How are the characteristics of the metabolism of living organisms used in agriculture, medicine, microbiology, biotechnology?

Any living organism is an open, dynamic system in which various processes are constantly carried out. During the course of life, cells accumulate nutrients, form new organoids, grow, divide, and perform their specific functions, while actively synthesizing organic substances – plastic metabolism and spending energy stored in the process of energy metabolism. Especially active assimilation occurs during the period of growth of the body. But for the implementation of biosynthesis processes, the presence of one energy is not enough. We also need material from which the body can synthesize its organic compounds. The most important element necessary for all living organisms is carbon.
For example, the characteristics of metabolism in bacteria are that:
– its intensity has a sufficiently high level, which is possibly due to a much larger ratio of surface to unit mass than multicellular ones;
– processes of dissimilation prevail over processes of assimilation;
– the substrate spectrum of substances consumed by bacteria is very wide – from carbon dioxide, nitrogen, nitrites, nitrates to organic compounds, including anthropogenic substances – environmental pollutants (thereby ensuring self-cleaning processes);
– bacteria have a very wide range of different enzymes – this also contributes to the high intensity of metabolic processes and the breadth of the substrate spectrum.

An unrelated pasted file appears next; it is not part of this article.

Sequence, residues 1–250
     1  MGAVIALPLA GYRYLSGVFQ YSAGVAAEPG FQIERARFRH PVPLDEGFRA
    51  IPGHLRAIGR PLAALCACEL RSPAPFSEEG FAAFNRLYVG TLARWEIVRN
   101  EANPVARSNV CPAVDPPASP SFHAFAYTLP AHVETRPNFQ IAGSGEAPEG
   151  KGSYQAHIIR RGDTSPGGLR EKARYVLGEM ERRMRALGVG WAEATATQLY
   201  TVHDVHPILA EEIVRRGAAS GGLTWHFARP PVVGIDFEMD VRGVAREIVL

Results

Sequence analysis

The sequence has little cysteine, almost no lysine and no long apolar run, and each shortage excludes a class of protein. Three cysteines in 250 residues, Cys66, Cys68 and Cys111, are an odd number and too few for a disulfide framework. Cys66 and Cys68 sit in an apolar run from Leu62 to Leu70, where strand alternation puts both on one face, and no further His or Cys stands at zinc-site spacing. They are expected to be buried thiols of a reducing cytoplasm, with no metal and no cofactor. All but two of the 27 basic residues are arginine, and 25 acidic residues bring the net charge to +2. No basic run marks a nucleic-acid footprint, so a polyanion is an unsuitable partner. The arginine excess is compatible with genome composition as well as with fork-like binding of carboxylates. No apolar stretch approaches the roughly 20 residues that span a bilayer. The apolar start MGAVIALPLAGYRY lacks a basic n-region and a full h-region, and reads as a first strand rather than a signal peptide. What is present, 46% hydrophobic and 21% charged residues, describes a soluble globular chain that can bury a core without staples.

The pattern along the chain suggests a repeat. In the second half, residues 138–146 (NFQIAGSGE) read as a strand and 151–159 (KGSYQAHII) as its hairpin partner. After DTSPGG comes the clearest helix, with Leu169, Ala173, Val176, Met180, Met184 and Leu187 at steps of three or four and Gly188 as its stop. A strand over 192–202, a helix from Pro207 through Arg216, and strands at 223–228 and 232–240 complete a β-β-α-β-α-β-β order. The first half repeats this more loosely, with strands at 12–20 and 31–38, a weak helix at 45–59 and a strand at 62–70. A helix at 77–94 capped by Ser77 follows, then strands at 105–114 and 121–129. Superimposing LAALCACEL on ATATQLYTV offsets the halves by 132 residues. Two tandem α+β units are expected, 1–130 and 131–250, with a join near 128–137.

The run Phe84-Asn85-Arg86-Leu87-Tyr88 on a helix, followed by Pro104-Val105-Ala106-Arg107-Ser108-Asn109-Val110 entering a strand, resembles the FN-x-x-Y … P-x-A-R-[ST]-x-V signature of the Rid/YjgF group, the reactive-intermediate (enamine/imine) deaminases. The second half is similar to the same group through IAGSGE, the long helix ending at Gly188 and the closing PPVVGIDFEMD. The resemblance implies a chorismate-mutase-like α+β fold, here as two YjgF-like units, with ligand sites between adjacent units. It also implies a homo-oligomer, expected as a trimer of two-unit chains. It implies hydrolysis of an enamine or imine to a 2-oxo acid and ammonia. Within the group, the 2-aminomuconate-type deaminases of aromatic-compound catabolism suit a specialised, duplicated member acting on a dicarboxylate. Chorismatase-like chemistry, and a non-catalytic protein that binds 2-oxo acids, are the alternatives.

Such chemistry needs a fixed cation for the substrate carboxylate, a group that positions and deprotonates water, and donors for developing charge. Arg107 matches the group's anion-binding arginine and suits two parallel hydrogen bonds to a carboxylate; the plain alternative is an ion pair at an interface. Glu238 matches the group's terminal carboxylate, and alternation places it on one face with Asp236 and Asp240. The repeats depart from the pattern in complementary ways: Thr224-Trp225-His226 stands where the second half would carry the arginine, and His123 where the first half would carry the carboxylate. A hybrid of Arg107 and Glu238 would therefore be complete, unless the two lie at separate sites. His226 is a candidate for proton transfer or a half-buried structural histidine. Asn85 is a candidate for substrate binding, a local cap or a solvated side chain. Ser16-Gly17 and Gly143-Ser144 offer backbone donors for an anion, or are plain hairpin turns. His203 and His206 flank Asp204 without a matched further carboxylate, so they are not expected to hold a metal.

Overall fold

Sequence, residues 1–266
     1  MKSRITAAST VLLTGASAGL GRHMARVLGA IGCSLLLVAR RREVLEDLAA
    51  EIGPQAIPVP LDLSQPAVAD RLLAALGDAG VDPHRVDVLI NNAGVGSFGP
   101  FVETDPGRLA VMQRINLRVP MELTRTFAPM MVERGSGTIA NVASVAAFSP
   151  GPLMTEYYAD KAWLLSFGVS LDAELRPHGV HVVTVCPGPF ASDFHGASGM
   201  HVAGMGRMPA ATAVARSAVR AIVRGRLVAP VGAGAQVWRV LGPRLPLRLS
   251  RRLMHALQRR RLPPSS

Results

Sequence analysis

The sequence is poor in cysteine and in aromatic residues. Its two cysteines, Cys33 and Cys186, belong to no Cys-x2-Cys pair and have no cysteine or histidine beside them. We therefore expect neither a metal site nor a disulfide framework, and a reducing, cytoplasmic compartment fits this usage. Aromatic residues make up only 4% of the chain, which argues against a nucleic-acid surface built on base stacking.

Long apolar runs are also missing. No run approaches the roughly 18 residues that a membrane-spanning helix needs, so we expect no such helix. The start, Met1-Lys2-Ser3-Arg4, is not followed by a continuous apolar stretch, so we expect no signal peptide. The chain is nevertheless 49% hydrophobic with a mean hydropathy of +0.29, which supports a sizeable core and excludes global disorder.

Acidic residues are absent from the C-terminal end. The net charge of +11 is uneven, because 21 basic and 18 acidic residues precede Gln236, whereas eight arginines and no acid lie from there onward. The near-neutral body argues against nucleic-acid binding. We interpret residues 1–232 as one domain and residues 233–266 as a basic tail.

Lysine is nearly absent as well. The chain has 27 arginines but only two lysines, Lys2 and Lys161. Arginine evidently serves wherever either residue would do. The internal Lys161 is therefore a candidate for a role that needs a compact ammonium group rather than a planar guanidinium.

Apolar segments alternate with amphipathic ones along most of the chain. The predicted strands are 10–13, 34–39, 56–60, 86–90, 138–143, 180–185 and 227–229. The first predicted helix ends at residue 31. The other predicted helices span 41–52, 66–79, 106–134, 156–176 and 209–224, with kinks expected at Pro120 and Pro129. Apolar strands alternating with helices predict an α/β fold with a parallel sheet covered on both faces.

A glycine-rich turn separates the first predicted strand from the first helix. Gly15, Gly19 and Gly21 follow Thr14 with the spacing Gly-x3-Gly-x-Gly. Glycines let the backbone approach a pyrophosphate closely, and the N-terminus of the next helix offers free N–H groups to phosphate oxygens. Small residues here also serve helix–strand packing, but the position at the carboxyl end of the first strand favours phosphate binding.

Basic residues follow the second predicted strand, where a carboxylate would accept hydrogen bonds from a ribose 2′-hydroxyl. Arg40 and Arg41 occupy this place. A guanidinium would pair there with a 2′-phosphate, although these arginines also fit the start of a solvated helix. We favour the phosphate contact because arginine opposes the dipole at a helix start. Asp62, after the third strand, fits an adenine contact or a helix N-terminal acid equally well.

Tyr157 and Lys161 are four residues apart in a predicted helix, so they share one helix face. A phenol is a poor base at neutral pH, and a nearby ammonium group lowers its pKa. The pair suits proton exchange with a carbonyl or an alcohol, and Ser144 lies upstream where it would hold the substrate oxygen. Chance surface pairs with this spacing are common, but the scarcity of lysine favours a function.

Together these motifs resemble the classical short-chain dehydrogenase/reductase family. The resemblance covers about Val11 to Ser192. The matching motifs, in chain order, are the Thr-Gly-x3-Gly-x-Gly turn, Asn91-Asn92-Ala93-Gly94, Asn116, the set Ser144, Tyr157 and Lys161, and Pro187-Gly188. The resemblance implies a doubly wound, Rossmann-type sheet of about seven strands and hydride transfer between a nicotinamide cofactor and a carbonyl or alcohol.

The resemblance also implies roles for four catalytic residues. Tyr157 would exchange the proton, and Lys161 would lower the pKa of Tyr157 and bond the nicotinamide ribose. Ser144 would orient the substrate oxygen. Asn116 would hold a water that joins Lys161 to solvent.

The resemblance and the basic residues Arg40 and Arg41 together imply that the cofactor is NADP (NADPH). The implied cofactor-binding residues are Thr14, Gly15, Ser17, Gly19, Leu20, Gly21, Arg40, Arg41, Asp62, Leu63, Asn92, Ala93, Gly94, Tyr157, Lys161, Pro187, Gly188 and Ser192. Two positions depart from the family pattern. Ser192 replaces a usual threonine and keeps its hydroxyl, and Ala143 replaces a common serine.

Localization of bacteria enzymes is divided into 2 groups:
– exoenzymes – bacterial enzymes secreted into the environment and acting on the substrate outside the cell (for example, proteases, polysaccharides, oligosaccharidases);
– endoenzymes – bacterial enzymes that act on the substrates inside the cell (for example, enzymes that break down amino acids, monosugar, synthetase).
The synthesis of enzymes is genetically determined, but the regulation of their synthesis is due to direct and feedback, i.e. for some it is repressed, and for others it is induced by a substrate. Enzymes whose synthesis depends on the presence of the appropriate substrate in the medium (for example, beta-galactosidase, beta-lactamase) are called inducible.
Another group of enzymes, the synthesis of which does not depend on the presence of a substrate in the medium, is called constitutive (for example, glycolysis enzymes). Their synthesis always takes place, and they are always contained in microbial cells in certain concentrations.
They study the metabolism of bacteria using physico-chemical and biochemical research methods during the cultivation of bacteria under certain conditions on special nutrient media containing a particular compound as a substrate for transformation. This approach allows us to judge the metabolism by a more detailed study of the processes of various types of metabolism (proteins, carbohydrates) in microorganisms. Based on these features, bacteria are widely used.

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